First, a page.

United States policymakers have long sought ways to boost federal agencies’ capacity to implement cybersecurity and plan for significant cyber incidents. As early as 2002, Senator Ron Wyden of Oregon advocated for the creation of the National Emergency Technology Guard (NETGuard), a corps of volunteers with technology experience who could help following a cyber incident. Fast forward to 2019, when General Robert Neller, former commandant of the Marine Corps, said that the Marines would create a new cyber auxiliary, where it’s OK for members to have “purple hair,” paving the way to attract, recruit, and retain civilian cyber talent. Other branches of the military have already offered cyber warriors steep bonuses to reenlist and the Army has even created a direct accession program in cyber warfare.
NOTE: By Clicking in the “MORE” Link You Will be Leaving CardBuzz or Sites Owned and Operated by Ruebud Media. While CardBuzz Carefully Selects Articles Published by Established and Credible Sources We Are Not Responsible for 100% Accuracy of Third-Party Content. Any Opinions Offered within the Content Are Solely by the Source and not CardBuzz or its Affiliates or Partners.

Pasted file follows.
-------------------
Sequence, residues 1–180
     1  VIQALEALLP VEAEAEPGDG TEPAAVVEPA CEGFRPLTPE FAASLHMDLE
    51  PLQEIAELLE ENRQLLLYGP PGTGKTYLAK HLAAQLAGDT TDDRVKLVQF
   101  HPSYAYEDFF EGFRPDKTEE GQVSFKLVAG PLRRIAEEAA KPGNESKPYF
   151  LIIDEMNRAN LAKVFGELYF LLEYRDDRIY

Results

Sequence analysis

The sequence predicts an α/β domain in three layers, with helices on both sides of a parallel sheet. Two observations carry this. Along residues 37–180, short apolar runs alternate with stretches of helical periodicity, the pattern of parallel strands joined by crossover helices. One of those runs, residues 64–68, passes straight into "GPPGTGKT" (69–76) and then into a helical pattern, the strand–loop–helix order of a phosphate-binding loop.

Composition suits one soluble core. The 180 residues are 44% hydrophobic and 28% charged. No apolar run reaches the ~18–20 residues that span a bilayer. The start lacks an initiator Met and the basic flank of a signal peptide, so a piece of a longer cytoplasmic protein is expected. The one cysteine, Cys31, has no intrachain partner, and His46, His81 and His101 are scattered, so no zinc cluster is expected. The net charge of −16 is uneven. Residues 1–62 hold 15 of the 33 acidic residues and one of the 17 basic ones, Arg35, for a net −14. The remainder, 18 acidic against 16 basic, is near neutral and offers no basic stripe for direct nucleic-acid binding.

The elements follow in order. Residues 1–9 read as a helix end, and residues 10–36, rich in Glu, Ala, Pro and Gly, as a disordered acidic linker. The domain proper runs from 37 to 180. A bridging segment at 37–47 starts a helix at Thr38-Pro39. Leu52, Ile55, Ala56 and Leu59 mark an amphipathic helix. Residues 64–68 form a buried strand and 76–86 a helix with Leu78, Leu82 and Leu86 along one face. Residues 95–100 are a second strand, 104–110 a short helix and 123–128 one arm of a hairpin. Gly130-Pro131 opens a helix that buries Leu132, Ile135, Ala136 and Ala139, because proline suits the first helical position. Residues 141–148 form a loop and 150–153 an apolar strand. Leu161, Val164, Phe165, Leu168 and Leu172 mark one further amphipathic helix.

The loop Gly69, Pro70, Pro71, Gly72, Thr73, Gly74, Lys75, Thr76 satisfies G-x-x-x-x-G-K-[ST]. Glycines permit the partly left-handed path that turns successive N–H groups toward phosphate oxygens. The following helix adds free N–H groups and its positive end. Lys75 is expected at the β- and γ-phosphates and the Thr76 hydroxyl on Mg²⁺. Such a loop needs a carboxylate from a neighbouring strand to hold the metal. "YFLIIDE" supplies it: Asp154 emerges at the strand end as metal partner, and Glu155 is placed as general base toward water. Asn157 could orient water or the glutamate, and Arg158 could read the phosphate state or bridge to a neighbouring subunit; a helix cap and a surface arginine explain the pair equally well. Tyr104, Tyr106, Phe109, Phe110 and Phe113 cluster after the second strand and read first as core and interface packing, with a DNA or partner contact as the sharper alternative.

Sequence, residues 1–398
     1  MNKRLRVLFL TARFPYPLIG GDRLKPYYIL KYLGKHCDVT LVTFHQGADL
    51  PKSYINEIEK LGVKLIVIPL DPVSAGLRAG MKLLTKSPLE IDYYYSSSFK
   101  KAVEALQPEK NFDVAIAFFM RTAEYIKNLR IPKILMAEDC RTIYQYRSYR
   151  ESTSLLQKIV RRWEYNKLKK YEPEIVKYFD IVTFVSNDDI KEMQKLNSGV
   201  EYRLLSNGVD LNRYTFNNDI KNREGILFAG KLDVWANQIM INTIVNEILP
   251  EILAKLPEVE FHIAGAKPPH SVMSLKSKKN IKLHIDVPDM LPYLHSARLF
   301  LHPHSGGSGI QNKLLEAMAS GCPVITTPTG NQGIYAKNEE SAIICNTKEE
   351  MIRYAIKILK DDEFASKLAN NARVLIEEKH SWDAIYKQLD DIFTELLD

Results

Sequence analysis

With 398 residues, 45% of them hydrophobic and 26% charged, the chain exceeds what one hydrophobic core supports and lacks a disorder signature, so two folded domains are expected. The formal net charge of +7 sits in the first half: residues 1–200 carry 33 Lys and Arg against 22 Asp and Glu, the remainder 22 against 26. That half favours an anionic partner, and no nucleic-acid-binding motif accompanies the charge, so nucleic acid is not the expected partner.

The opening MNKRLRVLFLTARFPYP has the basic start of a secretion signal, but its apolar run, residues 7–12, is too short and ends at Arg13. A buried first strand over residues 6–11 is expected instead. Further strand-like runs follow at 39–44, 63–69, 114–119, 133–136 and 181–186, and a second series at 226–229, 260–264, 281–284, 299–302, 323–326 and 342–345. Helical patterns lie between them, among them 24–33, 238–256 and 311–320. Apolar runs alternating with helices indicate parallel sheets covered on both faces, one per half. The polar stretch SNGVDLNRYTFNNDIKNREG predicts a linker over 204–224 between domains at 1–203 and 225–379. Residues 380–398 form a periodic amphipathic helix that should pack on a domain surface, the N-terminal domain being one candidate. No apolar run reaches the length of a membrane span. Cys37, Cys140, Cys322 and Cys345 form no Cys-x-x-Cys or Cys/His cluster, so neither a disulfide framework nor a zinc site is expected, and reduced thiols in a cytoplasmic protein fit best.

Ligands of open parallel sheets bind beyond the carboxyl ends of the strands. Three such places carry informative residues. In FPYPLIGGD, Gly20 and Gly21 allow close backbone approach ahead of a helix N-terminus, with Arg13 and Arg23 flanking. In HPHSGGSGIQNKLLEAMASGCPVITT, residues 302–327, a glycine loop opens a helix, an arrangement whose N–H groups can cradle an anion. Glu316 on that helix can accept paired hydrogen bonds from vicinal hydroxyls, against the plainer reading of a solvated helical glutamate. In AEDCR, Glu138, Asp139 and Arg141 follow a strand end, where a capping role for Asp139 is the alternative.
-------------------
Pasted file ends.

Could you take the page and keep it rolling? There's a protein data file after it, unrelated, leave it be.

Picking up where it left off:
CardBuzz Focus Areas: e-commerce; m-commerce; m-wallets; biometrics; cryptocurrency; artificial Intelligence; blockchain; fintech; fraud; NFC; POS; NFC; EMV; P2P; credit cards; debit cards; charge cards; prepaid cards; cross-border; cybersecurity; processing; consumer banking; loans; debt; insurance; mortgage; investing; saving; debt collection; sub-prime; consumer confidence; business confidence; investor confidence;
OTHER RELATED SERVICES:
PYRPTS (global payment reports)
PYVNTS (global payment events)
BankCenter (payment news releases)
CardFlash (payment executive news)
CardTrak (consumer payment news)Paragraph
CardData (quarterly payment data)
CardBuzz is a Division of Ruebud Media, Inc.
#NetGuard #cybersecurity #cyberspace #estonia #military #cyberattacks #EDL #CyberCommand #NATO #EDLCLU #passwords